Beyond that, there were other disputes between LGBT activists about how to pursue the marriage equality issue itself: that context, touched on most recently in Dustin Lance Black’s drama When We Rise, is also absent in the documentary. A marriage equality documentary shouldn’t gloss over such important ideological differences.
Toward the end of The Freedom to Marry, the cliffhanger moment approaches. Seven possible SCOTUS ruling days pass (this wittily conveyed in a series of tense meetings around the office table awaiting the word from the Court) before, on the eighth, victory is finally delivered to the marriage equality side. You may cry, and feel the surge of emotion that Wolfson, Bonauto, and their colleagues do, because this was a particularly hard-fought for sweet victory. “Well, that only took 32 years,” Wolfson says wryly.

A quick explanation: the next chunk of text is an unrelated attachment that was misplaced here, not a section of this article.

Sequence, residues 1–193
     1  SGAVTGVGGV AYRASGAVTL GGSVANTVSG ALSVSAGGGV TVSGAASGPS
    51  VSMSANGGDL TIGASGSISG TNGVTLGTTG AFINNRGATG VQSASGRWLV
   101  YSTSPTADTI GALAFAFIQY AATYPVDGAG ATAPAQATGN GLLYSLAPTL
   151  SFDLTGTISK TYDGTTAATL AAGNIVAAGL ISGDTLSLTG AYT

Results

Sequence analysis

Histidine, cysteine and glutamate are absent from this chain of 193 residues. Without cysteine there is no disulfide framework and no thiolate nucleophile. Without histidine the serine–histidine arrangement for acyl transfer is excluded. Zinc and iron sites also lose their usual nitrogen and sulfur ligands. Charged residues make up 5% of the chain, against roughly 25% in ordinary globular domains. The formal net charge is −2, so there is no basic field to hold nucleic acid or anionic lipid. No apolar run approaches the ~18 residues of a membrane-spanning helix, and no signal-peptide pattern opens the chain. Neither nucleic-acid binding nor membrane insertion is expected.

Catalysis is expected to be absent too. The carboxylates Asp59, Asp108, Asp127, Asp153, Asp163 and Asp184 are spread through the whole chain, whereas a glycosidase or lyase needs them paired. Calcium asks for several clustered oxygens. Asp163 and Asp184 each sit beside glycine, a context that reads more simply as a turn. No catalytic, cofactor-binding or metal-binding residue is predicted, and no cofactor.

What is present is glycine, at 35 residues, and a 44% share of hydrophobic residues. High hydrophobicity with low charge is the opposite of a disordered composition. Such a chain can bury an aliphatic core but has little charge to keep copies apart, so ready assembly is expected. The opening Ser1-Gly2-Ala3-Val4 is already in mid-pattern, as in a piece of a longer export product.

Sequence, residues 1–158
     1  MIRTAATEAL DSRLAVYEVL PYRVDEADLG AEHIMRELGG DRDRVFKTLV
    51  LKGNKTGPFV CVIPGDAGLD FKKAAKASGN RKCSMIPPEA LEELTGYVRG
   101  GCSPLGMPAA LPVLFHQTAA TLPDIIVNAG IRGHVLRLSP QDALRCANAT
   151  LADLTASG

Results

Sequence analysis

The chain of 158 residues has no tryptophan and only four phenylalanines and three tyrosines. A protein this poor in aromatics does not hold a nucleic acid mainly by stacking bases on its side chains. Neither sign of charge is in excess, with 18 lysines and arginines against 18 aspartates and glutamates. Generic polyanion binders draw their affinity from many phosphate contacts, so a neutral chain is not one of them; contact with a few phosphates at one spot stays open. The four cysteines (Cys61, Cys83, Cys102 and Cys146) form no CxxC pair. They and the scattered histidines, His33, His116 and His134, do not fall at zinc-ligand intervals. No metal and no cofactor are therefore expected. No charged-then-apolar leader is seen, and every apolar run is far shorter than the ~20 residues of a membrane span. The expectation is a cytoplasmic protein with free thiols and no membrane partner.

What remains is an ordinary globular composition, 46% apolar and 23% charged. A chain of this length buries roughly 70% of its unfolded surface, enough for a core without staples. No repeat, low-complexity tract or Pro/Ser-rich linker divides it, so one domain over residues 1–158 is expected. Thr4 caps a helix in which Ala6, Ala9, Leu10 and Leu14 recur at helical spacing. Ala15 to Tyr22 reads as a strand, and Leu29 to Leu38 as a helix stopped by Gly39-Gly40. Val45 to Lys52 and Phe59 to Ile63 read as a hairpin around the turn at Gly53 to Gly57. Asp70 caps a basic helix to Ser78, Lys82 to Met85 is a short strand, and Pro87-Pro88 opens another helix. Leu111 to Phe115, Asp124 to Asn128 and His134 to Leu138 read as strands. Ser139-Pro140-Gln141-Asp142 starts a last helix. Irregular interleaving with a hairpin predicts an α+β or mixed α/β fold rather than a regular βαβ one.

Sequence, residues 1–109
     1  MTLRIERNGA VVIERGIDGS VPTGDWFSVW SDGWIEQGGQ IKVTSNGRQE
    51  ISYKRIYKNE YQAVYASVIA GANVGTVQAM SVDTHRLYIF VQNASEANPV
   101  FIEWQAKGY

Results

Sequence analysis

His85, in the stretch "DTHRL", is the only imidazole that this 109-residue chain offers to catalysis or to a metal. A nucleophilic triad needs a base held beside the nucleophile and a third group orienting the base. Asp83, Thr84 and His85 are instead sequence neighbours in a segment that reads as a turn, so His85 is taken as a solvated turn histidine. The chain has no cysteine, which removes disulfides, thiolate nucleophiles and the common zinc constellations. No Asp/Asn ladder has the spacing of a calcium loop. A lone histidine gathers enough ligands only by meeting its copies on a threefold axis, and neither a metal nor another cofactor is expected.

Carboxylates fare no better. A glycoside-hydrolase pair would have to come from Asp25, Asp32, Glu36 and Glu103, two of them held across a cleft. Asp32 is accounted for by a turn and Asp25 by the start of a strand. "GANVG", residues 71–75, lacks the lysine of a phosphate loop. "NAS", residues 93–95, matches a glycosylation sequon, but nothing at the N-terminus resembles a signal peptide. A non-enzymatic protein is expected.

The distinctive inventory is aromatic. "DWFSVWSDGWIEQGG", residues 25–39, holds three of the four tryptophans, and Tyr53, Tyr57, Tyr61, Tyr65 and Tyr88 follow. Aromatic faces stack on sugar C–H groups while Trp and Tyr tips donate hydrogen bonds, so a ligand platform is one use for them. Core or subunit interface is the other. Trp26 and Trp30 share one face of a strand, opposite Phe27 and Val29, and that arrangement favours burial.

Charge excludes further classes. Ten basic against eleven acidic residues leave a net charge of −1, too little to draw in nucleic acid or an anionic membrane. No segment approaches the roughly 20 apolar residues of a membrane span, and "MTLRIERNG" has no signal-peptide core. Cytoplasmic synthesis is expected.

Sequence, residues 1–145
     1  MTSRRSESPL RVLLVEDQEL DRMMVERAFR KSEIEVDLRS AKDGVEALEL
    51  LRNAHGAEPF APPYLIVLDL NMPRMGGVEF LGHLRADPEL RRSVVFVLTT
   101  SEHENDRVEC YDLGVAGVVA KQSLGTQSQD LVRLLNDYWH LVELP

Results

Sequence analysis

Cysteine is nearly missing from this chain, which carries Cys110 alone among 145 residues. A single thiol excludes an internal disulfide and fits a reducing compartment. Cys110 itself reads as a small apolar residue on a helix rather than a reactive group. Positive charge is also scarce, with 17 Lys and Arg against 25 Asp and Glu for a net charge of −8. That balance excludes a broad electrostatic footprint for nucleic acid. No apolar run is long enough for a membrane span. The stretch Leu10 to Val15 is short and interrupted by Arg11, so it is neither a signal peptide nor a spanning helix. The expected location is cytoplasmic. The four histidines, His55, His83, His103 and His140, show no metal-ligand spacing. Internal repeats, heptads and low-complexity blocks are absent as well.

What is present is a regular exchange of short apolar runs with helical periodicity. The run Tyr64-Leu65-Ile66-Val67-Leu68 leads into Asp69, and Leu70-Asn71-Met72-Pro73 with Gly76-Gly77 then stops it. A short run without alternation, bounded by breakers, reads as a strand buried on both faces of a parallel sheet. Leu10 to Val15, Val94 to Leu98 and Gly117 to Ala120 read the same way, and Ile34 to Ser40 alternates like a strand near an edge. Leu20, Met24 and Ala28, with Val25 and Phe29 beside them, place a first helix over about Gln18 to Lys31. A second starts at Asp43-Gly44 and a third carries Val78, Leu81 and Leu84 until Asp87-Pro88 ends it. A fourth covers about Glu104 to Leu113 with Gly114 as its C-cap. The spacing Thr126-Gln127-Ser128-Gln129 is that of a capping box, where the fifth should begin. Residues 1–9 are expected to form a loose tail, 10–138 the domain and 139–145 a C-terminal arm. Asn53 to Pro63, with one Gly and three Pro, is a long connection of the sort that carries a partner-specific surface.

The last scenes of the documentary show the offices of Freedom to Marry being packed up. That epilogue should have a rosy glow to it, but with the threats to LGBT people growing under the latest administration—and the threat to marriage equality a distant, but still possible one—many might posit that while an important battle was won in 2015, the fight for LGBT rights and equality has assumed a new urgency. For activists, it may be time to dust off Wolfson’s databases and blueprints for battle.